BMW reinforces the reasons for the name change, saying that the new BMW 4 Series Coupe “emphasises not only its stand-alone design, but equally an even greater technical differentiation from its BMW 3 Series cousins”.
Compared with the current 3 Series sedan, the BMW 4 Series Coupe sits a full 67mm lower, and a roll centre reduced by 19mm is the lowest of any current BMW. The 4 Series Coupe is also 14mm longer and wider, with wider front and rear tracks – extending by 14mm and 22mm respectively.
BMW calls the 4 Series Coupe design “extremely width-accentuating”. The rear wheelarches are now the widest point of the car, the twin-split kidney grille is larger than before, and the front air dam is positioned lower on the front bumper and has a wider reach across it.
Nestled on the far sides of each air intake are aerodynamically motivated “Air Curtains” that improve air flow around the front wheels, while at the rear of the front wheelarch “Air Breathers” then deflect air out of the arch to reduce resistance. Each are claimed to help reduce fuel consumption. The 4 Series Coupe has an aerodynamic rating of 0.28Cd.
Inside, the BMW 4 Series closely mirrors its 3 Series sedan cousin, with the exception of wider front doors and a redesigned iDrive dial that is now a touch controller. Frameless doors and an automatic seatbelt feeder are 3 Series coupe trademarks that carry over. The 4 Series Coupe also debuts Driving Assistant Plus, which warns the driver of a potential collision with a pedestrian.
A 40:20:40 split folding rear backrest is an option, but a centre ski port is standard.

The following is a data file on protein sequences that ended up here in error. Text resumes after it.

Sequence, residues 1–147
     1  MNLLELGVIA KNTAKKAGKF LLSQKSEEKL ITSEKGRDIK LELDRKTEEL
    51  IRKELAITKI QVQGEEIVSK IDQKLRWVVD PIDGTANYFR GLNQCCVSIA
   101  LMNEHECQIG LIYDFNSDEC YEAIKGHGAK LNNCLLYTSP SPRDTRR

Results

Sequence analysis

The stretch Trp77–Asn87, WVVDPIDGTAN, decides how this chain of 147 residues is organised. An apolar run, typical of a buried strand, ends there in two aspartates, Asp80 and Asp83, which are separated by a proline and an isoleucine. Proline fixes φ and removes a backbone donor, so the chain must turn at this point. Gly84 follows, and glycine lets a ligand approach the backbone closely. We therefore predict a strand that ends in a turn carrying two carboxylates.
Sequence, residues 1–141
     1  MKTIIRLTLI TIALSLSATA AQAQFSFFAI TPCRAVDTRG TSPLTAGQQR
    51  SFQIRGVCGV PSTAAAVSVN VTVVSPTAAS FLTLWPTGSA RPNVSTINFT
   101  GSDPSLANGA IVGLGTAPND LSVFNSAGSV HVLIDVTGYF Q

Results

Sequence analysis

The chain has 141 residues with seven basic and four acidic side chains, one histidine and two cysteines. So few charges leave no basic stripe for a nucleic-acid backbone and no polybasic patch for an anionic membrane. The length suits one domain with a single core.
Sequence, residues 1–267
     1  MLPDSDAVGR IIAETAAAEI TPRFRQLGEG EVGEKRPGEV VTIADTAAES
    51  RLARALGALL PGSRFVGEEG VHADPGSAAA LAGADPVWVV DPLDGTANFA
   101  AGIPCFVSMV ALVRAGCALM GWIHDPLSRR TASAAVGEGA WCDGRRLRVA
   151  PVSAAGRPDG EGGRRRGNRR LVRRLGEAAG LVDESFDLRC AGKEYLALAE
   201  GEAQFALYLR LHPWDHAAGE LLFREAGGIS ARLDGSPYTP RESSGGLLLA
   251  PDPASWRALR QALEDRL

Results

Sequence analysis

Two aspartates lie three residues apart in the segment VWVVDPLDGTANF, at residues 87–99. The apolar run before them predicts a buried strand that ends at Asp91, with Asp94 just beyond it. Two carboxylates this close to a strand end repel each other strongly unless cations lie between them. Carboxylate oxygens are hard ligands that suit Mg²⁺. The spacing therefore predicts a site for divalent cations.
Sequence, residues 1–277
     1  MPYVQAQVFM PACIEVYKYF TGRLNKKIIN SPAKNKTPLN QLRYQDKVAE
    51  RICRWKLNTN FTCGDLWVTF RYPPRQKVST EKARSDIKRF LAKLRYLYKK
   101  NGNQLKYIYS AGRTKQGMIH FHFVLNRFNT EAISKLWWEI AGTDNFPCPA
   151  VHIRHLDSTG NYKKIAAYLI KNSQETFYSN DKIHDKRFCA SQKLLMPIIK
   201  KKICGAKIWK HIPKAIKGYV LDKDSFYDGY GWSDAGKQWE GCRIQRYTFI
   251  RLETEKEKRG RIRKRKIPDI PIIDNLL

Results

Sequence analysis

As with the 3 Series sedan, the 4 Series Coupe is available with three interior design packages called ‘lines’ – Modern, Luxury and Sport. An M Sport package is also available, with M Sport suspension and larger 19-inch wheels. Electro-mechanical power steering is standard, with a variable-ratio Sport steering optional along with adaptive dampers.
Three engines are available at launch, all borrowed from the 3 Series Coupe, and each available with a six-speed manual transmission or an eight-speed automatic.
All get stop-start technology, while the auto debuts a ‘coasting’ mode to help reduce fuel consumption, which decouples the engine from the transmission when cruising off the accelerator between 50 and 160km/h.
The 420d Coupe uses a 2.0-litre turbo-diesel four-cylinder producing 135kW of power at 4000rpm, and 380Nm of torque between 1750-2750rpm. Claimed consumption is 4.7L/100km combined, and the engine pushes the 1450kg two-door to 100km/h in 7.5 seconds.
The middle-grade 428i Coupe gets a 2.0-litre turbo petrol four-cylinder with 180kW at 5000-6000rpm and 350Nm between 1250-4800rpm. A 5.9 second 0-100km/h sprint and 6.3L/100km (auto) or 6.6L/100km (manual) fuel usage makes it quicker and more frugal than the 328i sedan.
Flagship for now, the 435i Coupe utilises a 3.0-litre turbo petrol six-cylinder that makes 225kW at 5800-6000rpm and 400Nm from 1200-5000rpm. While the 0-100km/h sprint for the rear-drive version takes 5.4 seconds, the not-for-Australia all-wheel-drive model reduces that time to just 4.9 seconds – as quick as the outgoing V8-engined BMW M3. The 1510kg rear-drive 435i drinks 7.3L/100km as an automatic, or 7.9L/100km with a manual transmission.
All 4 Series Coupe models are 60 per cent stiffer than the previous 3 Series Coupe, despite being up to 45kg lighter.
Although the chassis basics mirror the 3 Series sedan, according to BMW the 4 Series, in addition to its lower centre of gravity, has had “its springs and damping, axle kinematics and elastokinematics … tailored precisely to the hugely engaging character of the new Coupe.”
The BMW 4 Series will make its official public debut at the Frankfurt motor show in September, before going on sale here early 2014. A BMW M4 Coupe will follow later next year to usurp the 435i Coupe’s position as the sports range topper…
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